Jay Gibson, Ph.D.

Associate Professor

Department: Neuroscience

Graduate Programs: Neuroscience

Biography

As an undergraduate, Dr. Gibson studied biophysics at the University of California at Berkeley. Under the guidance of Dr. John Maunsell, he completed his PhD in 1995 at the University of Rochester, which focused on neocortical activity related to visual processing. Next, he worked under Dr. Barry Connors studying the electrophysiological properties of inhibitory interneurons in somatosensory cortex.

Dr. Gibson joined the Center for Basic Neuroscience at UT Southwestern in 2001. Currently, the lab uses electrophysiological techniques to study the plasticity of cortical inhibitory circuitry.

Education

Graduate School University of Rochester (1995)

Research Interests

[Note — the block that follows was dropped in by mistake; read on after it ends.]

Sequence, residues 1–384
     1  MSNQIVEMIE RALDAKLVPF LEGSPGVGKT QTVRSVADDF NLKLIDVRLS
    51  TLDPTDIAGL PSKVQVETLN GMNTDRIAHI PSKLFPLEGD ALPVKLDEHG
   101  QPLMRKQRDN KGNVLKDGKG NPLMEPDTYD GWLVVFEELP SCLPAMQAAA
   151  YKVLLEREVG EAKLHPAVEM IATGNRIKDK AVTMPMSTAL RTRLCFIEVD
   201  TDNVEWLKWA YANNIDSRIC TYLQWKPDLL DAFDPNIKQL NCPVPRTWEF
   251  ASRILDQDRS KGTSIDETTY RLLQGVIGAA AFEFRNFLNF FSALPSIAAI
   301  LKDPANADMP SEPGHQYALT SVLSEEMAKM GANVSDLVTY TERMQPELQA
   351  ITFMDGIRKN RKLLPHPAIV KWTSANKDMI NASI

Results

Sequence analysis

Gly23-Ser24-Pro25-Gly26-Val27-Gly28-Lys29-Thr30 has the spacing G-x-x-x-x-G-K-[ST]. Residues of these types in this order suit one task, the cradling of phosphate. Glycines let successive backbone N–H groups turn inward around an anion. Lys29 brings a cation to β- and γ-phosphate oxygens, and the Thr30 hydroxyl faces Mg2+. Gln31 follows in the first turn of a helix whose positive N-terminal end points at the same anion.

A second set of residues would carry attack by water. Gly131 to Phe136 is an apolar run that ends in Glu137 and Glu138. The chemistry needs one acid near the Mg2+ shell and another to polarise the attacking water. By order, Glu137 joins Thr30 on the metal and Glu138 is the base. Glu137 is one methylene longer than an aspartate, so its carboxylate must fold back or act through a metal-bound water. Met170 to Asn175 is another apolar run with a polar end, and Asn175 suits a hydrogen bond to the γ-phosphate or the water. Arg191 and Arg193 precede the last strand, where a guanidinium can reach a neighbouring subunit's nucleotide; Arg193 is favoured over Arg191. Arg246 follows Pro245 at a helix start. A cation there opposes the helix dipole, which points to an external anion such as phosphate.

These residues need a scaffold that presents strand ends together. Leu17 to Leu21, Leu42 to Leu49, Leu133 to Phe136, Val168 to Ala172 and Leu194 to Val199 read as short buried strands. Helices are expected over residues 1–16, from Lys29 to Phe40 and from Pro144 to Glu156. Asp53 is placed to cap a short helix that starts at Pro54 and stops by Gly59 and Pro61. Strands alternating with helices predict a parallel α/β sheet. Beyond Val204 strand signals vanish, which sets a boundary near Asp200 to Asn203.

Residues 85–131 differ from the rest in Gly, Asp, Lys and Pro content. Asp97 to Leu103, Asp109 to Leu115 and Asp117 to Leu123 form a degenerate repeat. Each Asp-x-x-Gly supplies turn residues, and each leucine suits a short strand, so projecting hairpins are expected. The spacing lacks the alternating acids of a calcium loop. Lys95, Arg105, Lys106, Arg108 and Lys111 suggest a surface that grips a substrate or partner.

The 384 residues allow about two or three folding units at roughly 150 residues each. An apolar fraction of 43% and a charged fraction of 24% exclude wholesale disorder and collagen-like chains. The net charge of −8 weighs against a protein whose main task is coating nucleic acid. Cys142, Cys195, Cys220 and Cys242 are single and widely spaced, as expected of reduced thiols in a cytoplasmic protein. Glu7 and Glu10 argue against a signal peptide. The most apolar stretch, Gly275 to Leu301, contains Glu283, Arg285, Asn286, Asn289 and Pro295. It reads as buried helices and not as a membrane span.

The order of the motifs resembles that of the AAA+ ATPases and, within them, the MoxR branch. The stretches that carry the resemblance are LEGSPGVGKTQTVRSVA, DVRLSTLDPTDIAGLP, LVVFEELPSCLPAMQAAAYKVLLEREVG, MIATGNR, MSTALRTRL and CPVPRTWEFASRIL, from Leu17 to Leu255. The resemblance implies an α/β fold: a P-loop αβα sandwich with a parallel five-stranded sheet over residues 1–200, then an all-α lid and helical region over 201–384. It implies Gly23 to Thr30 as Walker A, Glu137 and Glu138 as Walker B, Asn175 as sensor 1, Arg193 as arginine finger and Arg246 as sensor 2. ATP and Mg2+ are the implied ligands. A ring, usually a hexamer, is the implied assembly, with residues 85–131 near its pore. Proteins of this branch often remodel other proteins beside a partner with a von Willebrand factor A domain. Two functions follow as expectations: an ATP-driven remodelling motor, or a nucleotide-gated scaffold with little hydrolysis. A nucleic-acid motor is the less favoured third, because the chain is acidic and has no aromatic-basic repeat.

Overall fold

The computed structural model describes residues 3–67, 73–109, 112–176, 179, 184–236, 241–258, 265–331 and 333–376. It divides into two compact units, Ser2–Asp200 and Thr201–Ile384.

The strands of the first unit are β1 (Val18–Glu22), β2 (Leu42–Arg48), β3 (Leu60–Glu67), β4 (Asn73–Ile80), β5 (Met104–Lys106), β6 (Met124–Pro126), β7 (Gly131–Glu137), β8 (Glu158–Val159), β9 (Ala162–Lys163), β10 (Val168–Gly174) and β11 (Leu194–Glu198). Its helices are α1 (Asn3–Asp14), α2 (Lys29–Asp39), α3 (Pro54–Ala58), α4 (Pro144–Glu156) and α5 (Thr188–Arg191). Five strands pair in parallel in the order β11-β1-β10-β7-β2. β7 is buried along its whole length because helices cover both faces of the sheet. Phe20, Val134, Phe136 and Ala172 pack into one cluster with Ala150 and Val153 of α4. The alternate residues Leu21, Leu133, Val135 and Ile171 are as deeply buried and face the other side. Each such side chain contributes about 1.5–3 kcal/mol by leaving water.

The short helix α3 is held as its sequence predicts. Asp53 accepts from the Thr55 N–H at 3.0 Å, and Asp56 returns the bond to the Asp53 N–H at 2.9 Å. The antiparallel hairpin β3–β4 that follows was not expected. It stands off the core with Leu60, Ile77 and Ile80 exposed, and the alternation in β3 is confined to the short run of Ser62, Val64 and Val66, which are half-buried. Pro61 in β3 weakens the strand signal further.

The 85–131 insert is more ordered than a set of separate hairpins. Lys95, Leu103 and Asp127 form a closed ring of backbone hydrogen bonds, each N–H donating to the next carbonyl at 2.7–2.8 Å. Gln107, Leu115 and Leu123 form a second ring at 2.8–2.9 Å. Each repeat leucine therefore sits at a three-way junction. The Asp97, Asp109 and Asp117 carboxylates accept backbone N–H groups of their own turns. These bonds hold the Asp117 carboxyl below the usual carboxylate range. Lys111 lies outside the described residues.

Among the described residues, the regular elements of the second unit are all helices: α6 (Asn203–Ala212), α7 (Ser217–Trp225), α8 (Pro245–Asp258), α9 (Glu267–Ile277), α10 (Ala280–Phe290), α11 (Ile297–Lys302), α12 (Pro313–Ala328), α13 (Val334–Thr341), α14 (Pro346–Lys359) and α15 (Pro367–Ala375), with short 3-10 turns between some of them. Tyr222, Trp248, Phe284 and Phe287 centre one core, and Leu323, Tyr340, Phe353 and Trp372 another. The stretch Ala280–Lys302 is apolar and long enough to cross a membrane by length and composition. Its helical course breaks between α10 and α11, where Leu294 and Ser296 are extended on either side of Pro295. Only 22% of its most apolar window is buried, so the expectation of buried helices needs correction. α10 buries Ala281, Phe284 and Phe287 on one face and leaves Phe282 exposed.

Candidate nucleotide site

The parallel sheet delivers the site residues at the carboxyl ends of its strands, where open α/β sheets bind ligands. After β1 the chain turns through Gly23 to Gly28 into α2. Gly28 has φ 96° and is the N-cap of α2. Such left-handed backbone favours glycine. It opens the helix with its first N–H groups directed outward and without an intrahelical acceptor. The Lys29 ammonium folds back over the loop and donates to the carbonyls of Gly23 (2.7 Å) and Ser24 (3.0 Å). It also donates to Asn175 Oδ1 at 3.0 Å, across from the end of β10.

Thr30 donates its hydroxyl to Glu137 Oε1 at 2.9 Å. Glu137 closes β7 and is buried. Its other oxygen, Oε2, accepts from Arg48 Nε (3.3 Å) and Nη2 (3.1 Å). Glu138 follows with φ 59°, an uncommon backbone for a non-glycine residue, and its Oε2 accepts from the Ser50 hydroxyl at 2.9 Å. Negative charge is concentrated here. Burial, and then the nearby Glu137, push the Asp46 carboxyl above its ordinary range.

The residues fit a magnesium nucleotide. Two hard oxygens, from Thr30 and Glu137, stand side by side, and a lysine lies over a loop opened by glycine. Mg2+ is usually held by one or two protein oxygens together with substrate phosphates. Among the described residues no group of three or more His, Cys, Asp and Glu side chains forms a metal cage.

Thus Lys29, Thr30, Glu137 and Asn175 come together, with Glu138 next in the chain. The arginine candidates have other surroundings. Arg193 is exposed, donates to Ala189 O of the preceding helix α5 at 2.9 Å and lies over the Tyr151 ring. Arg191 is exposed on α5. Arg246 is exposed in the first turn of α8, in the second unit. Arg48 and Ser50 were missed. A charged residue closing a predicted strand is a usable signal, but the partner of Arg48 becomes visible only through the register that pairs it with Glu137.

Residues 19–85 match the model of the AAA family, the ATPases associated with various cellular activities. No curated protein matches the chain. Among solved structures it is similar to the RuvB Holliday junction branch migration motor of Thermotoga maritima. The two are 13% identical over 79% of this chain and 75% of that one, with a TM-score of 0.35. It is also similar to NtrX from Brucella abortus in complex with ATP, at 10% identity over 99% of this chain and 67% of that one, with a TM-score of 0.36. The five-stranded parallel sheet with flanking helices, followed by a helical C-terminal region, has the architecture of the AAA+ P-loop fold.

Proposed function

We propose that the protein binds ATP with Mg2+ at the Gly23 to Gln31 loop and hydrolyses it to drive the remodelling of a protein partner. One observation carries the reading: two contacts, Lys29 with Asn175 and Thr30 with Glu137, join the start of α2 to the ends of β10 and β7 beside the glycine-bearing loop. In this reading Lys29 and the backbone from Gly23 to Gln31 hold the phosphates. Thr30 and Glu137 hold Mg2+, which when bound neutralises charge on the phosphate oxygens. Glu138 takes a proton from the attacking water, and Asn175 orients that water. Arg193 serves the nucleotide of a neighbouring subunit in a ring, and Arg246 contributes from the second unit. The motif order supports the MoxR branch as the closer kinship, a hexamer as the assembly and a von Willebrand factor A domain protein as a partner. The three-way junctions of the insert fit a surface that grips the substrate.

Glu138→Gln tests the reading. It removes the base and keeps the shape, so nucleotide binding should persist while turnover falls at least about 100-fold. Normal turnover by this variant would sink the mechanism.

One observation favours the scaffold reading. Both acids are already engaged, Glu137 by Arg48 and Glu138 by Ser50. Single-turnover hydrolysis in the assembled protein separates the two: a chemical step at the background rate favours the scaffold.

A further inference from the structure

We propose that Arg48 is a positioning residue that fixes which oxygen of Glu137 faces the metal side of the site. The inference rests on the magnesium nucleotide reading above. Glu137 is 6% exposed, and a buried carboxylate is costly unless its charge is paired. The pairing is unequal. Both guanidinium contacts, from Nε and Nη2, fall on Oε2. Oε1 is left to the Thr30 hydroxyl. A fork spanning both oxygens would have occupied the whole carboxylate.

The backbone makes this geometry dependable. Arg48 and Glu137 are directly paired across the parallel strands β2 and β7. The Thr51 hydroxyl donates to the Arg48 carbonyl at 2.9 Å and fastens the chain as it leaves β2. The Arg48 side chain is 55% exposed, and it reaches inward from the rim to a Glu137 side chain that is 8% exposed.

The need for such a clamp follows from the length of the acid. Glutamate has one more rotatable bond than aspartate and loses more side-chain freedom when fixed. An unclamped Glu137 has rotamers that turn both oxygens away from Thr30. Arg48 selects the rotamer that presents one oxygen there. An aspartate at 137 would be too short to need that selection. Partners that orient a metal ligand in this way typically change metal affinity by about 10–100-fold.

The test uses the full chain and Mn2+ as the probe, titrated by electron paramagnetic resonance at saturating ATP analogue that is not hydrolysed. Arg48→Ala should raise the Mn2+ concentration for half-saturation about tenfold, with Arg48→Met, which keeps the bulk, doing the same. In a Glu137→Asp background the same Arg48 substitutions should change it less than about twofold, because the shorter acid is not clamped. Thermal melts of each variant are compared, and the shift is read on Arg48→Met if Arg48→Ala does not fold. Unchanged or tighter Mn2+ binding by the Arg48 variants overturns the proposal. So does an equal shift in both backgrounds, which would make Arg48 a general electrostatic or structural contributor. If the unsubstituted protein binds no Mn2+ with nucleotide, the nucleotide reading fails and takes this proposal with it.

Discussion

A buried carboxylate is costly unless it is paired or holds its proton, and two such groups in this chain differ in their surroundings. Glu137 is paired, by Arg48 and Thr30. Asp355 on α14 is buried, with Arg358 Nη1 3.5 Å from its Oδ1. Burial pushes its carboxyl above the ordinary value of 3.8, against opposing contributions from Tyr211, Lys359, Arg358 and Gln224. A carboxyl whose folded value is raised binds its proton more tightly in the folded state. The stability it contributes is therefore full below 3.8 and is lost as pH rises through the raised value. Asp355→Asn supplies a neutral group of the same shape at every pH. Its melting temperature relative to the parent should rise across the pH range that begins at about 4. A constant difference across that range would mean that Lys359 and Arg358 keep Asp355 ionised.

• Electrophysiology
  • Neuronal Circuits in Neocortex
  • Neuroscience

Publications

Featured Publications Legend

Featured Publications

Activity-Dependent Validation of Excitatory versus Inhibitory Synapses by Neuroligin-1 versus Neuroligin-2. Neuron

Chubykin, A.A., Atasoy, D., Etherton, M.R., Brose, N., Kavalali, E.T., Gibson, J.R., Sudhof, T.C. Neuron 2007 54(6) 919-931

A role for the subthreshold currents ILeak and IH in the homeostatic control of excitability in neocortical somatostatin-positive inhibitory neurons

Gibson, J. R., Bartley, A. F., and Huber, K. M. J. Neurophysiol. 2006 96(1) 420-432

Functional Properties of Electrical Synapses Between Inhibitory Neurons of Neocortical Layer 4

Gibson, J. R., Beierlein, M., and Connors, B. W. J. Neurophysiol. 2005 93(1) 467-480

Two Dynamically Distinct Inhibitory Networks in Layer 4 of the Neocortex

Beierlein, M., Gibson, J. R. and Connors, B. W. Journal of Neurophysiology 2003 90(5) 2987-3000

Synchronous activity of inhibitory networks in neocortex requires electrical synapses containing connexin36

Deans, M., Gibson, J. R., Connors, B. W., and Paul, D. L. Neuron 2001 31 477-485

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Honors/Awards

  • FRAXA Fellowship
    Research for Fragile X Syndrome (2006)
  • Klingenstein Fellowship
    Award in the Neurosciences (2002)